Effect of levee foundation conditions on the saturated zone during flooding for rapid drawdown analysis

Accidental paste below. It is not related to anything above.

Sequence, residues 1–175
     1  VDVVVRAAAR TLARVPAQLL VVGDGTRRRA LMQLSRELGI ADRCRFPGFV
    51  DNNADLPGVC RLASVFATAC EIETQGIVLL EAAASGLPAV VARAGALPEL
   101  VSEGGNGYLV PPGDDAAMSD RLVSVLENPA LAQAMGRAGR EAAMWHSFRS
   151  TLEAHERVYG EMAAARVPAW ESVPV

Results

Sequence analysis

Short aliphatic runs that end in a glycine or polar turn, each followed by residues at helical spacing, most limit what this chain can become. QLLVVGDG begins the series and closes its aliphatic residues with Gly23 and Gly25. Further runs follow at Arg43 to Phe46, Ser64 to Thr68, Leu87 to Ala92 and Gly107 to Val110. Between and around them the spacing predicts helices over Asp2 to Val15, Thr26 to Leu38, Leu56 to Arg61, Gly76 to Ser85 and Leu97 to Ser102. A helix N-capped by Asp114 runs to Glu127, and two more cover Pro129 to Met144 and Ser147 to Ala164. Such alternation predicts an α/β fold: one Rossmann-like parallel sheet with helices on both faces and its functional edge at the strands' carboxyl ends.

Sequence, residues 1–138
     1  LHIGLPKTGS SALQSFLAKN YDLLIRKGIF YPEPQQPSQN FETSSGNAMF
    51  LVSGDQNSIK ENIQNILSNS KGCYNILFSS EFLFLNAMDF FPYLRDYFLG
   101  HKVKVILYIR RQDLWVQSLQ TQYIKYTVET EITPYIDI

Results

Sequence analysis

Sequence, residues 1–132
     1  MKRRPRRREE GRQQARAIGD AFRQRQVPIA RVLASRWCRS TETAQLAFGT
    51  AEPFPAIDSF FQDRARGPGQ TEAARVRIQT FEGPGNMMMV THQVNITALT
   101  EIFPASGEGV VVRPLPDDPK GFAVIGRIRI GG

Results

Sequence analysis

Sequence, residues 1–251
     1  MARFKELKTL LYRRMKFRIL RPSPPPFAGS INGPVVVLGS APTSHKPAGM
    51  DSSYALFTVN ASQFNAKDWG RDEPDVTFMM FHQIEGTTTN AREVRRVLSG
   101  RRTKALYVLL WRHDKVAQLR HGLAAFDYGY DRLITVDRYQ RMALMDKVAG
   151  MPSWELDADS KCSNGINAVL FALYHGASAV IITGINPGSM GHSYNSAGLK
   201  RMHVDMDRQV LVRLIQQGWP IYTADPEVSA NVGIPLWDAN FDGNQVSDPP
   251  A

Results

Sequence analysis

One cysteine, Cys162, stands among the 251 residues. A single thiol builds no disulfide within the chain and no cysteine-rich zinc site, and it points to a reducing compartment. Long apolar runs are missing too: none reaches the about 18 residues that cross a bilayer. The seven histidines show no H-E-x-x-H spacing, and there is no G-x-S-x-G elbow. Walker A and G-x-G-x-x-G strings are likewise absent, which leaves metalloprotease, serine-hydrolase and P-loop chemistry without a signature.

Analysis of the rapid drawdown loading condition for dams and levees typically assumes full saturation prior to drawdown. This assumption is likely incorrect for levees due to the relatively short duration of floods prior to drawdown; and hence requires that methods be developed to estimate the extent of the saturation zone within levees after floods for undrained rapid drawdown analysis. Levees can be founded on soils with a range of permeability, and therefore it is important to investigate how levee foundations influence levee through-seepage under transient conditions. A very important parameter which dictates response and extent of saturation in levees is the coefficient of consolidation, cv. This parameter is a function of soil hydraulic conductivity and volumetric compressibility, and dictates how quickly or otherwise water flows through levees and their foundations during floods. Numerical transient seepage models were analyzed with cv values for the foundation soils (cvf) ranging from 50 cm2/s (sand-like soil) to 1×10-3 cm2/s (clay-like soil). The levee models considered a silt-like levee on (i) sand foundation, (ii) silt foundation, (iii) clay foundation, and (iv) impermeable foundation. Similar to the theory of consolidation settlement, for a given levee soil, a rapid build-up of pore pressures and subsequent establishment of steady-state conditions in foundation soils for increasing values of cvf under changing boundary conditions forces upward seepage through levees due to the high total heads developed in the foundation soils. Decreasing ratios of levee soil and foundation soils cv values resulted in increasing saturation zone area within levees.